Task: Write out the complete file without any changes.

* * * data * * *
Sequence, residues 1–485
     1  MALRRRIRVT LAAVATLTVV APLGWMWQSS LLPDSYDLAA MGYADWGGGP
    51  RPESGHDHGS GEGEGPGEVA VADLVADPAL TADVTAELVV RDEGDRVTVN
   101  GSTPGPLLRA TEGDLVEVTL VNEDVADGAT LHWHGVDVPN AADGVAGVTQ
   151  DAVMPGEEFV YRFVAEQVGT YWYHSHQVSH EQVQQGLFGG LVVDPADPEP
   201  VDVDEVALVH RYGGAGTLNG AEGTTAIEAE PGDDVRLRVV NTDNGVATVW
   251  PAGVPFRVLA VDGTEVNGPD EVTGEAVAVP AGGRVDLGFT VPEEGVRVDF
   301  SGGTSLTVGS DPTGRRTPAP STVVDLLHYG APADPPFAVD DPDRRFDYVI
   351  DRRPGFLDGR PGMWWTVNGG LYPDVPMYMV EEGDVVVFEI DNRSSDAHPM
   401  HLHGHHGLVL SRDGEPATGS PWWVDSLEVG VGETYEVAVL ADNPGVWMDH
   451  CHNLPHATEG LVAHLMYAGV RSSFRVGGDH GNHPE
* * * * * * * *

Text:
Sequence, residues 1–485
     1  MALRRRIRVT LAAVATLTVV APLGWMWQSS LLPDSYDLAA MGYADWGGGP
    51  RPESGHDHGS GEGEGPGEVA VADLVADPAL TADVTAELVV RDEGDRVTVN
   101  GSTPGPLLRA TEGDLVEVTL VNEDVADGAT LHWHGVDVPN AADGVAGVTQ
   151  DAVMPGEEFV YRFVAEQVGT YWYHSHQVSH EQVQQGLFGG LVVDPADPEP
   201  VDVDEVALVH RYGGAGTLNG AEGTTAIEAE PGDDVRLRVV NTDNGVATVW
   251  PAGVPFRVLA VDGTEVNGPD EVTGEAVAVP AGGRVDLGFT VPEEGVRVDF
   301  SGGTSLTVGS DPTGRRTPAP STVVDLLHYG APADPPFAVD DPDRRFDYVI
   351  DRRPGFLDGR PGMWWTVNGG LYPDVPMYMV EEGDVVVFEI DNRSSDAHPM
   401  HLHGHHGLVL SRDGEPATGS PWWVDSLEVG VGETYEVAVL ADNPGVWMDH
   451  CHNLPHATEG LVAHLMYAGV RSSFRVGGDH GNHPE